Contributions to this chapter were made by David Siegel, National Society of Professional Engineers.
According to Webster’s Dictionary, a consultant is defined as “one who gives expert advice.” Historically, engineers have been sought as consultants for projects ranging from the ancient pyramids in Egypt to the Panama Canal, from the space shuttle to everyday consumer products such as cell phones and laptop computers and software that runs major corporations. Today, business, industry, and government all seek engineering consultants to solve problems related to competitiveness, efficiency, environmental life cycles and high-rise construction. As in the past, the expertise of engineers is needed to address and solve today’s human and technological challenges. Engineering consultants are often the most efficient and economical professionals to address myriad issues including the reclamation of the environment, the design or redesign of various products and processes, the restoration and improvement of transportation systems, and manufacturing competitiveness.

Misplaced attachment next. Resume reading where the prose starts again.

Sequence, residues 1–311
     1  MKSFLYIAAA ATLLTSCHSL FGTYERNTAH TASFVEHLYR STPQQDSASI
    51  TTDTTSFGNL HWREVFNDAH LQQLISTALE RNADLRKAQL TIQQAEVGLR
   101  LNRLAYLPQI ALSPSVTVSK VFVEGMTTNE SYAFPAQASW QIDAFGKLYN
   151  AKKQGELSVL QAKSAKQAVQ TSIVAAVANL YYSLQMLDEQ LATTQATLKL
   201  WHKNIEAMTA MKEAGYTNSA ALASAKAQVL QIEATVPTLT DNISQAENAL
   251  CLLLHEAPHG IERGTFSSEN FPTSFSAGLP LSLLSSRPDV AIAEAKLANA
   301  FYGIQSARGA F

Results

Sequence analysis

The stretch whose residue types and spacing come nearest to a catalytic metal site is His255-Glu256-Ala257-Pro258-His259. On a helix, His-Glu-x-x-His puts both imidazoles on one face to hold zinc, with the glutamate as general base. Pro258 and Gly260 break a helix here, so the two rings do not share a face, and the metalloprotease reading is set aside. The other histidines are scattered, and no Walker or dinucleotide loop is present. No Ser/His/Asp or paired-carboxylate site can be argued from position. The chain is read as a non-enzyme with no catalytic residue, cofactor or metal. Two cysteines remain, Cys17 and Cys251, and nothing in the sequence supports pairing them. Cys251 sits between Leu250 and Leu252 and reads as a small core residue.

Consulting engineers work in a wide range of areas, and their success is usually very dependent on both the technical and the entrepreneurial skills of the individual engineer. In the past, many engineers did not consider a career in consulting until they had several years of experience in some relevant type of work. Today, however, consulting engineering companies are frequent recruiters in college career services offices. Because of the long hours and heavy travel demands, these organizations find that entry-level engineers can perform the basic support functions that senior consultants need in today’s complex economy. Consulting offers the opportunity to work with highly intelligent colleagues and to experience a number of different challenges for a wide variety of clients.